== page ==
by Peter High, published on Forbes
Most people think of Adobe as a software product company. The company has been in business for over 30 years, and the legacy of Adobe is around desktop software products like Photoshop, Acrobat, PDF, InDesign. Several years ago, Adobe moved into the digital marketing area with their acquisition of Omniture, and starting at that time, the organization began a journey to become a services company, delivering SaaS based online offerings, as opposed to products in boxes. Everything in the last three years has been focused on how to move from traditional desktop software to a subscription service where people subscribe to various Adobe capabilities, and then are on a renewing or upgrading path to continue to leverage those services.
Adobe’s CIO Gerri Martin-Flickinger has been well positioned to help in these efforts. As a CIO, she has been a user of cloud-based services for years, and has understood the evolution of the technology that enables this business model, what good services look like versus average or below-average services, and she has been able to lend this experience and those perspectives to her colleagues throughout the enterprise.
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Peter High: Gerri, you have helped lead a significant transformation of Adobe’s business to the cloud. Can you please describe that transformation, the rationale behind it, and some of the steps the organization has taken to become more cloud-centric?
Gerri Martin-Flickinger: It has been an exciting time to be at Adobe. As a CIO, the move from a product company to a cloud-based company changes everything about your back office. If you’re a product company, you think about things like material masters, SKU’s, and physical goods. When you’re in the SaaS, software, cloud business, you think about entitlements, and subscription pricing, and the product itself being highly configurable with add-ons you can tweak each month. When you think about what that means to a company, it changes everything from how they build product to how they sell product. It requires different financial back office systems, and very different way of doing business.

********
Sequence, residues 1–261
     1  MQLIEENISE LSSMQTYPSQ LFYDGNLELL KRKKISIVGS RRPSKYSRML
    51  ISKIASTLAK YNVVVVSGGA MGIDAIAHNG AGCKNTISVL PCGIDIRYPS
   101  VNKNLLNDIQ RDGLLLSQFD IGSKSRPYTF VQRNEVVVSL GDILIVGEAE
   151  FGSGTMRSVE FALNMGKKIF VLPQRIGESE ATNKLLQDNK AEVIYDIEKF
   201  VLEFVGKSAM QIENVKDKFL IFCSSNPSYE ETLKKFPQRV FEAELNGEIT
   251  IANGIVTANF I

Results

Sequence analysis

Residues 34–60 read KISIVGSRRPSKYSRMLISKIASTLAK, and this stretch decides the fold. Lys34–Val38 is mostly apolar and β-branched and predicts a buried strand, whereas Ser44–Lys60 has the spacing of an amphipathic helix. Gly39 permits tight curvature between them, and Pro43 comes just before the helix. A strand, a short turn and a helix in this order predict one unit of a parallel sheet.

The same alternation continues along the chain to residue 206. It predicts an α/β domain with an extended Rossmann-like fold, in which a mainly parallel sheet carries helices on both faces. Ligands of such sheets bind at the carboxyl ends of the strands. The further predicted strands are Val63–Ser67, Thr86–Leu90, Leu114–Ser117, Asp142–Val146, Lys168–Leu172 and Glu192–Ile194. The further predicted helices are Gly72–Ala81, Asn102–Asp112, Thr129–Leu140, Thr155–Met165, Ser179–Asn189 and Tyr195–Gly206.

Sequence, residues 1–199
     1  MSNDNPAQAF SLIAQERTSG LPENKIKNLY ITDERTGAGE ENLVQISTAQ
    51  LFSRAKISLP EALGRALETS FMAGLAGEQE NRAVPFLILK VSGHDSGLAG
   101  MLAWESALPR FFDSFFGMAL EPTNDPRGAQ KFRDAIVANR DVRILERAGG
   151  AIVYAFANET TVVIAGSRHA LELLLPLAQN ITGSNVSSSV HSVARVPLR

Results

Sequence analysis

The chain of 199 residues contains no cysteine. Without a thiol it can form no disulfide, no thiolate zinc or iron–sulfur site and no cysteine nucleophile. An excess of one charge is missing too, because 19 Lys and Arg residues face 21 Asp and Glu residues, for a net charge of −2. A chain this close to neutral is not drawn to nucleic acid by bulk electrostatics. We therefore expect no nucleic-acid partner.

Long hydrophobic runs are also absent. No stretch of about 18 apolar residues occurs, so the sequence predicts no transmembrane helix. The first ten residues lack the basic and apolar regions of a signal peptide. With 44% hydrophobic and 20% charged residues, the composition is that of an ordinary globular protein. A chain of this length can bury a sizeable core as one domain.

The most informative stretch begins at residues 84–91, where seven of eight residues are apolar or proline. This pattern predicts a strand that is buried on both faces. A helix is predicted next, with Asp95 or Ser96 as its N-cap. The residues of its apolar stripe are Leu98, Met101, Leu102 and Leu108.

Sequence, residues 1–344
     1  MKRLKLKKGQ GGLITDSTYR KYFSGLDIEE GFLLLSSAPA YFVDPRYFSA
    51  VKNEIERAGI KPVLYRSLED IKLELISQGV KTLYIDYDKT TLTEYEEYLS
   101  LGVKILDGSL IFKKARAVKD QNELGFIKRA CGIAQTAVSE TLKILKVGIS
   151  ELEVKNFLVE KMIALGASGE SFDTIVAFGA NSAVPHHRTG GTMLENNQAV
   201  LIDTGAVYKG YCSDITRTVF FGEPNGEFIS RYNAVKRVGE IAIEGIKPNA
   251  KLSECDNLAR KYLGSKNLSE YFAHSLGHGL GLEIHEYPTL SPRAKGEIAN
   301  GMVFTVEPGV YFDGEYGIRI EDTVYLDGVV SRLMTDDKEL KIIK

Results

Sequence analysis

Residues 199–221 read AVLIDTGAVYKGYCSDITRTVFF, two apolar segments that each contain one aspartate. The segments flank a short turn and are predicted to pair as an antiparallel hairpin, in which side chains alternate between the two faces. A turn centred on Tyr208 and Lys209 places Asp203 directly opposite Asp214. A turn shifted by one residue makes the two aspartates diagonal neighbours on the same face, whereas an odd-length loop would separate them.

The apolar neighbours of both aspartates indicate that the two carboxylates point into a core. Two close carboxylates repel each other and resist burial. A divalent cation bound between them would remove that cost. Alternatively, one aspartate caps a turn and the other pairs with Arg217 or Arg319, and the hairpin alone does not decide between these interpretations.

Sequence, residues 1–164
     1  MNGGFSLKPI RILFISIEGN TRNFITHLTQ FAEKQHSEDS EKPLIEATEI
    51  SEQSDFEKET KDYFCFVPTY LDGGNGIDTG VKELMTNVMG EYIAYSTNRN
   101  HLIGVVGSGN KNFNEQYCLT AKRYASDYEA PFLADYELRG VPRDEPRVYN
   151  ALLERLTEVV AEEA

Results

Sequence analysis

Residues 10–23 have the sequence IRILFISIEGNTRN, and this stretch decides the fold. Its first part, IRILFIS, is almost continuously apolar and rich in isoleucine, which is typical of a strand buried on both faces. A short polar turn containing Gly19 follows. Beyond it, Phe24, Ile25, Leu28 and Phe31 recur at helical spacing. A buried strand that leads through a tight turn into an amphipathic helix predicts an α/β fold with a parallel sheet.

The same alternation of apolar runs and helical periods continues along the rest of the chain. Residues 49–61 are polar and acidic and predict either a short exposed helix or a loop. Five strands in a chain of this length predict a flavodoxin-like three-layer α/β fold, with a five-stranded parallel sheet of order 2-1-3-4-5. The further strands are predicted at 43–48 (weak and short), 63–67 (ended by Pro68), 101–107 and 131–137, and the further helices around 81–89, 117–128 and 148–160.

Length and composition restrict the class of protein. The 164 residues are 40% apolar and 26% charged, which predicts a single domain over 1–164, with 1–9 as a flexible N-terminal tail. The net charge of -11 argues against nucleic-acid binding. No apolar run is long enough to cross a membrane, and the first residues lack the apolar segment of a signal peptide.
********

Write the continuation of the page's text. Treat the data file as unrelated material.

In terms of how products are actually built, we used to have product release cycles of maybe a year or 18 months. Today, we have products release cycles continuously. Every month, new products become available to our customers and are immediately consumed. We used to build a CD, a golden master that was sent to distribution, boxed up and sold in stores. It might take months or quarters before real customers would get that installed and start using it. Today it happens in minutes. Our customers are passionately positive about the transformation. What it means to them is they get to use Adobe technology sooner, and they’re getting to see innovation in those products faster, which helps them build their businesses at a more rapid rate